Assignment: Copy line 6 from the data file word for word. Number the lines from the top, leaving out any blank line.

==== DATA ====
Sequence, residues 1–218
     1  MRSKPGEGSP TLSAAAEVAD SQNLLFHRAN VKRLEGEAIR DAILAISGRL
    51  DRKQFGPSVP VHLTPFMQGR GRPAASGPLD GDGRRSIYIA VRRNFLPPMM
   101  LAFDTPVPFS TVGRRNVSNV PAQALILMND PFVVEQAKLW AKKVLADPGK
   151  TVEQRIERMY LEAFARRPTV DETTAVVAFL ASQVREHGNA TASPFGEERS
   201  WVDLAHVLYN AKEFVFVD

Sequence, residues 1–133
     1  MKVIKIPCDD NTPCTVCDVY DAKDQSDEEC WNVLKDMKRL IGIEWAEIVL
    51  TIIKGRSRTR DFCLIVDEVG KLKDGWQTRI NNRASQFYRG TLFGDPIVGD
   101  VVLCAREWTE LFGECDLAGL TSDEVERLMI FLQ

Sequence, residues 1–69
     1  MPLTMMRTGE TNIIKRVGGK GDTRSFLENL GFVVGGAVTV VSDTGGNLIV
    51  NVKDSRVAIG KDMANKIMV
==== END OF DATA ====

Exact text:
   201  WVDLAHVLYN AKEFVFVD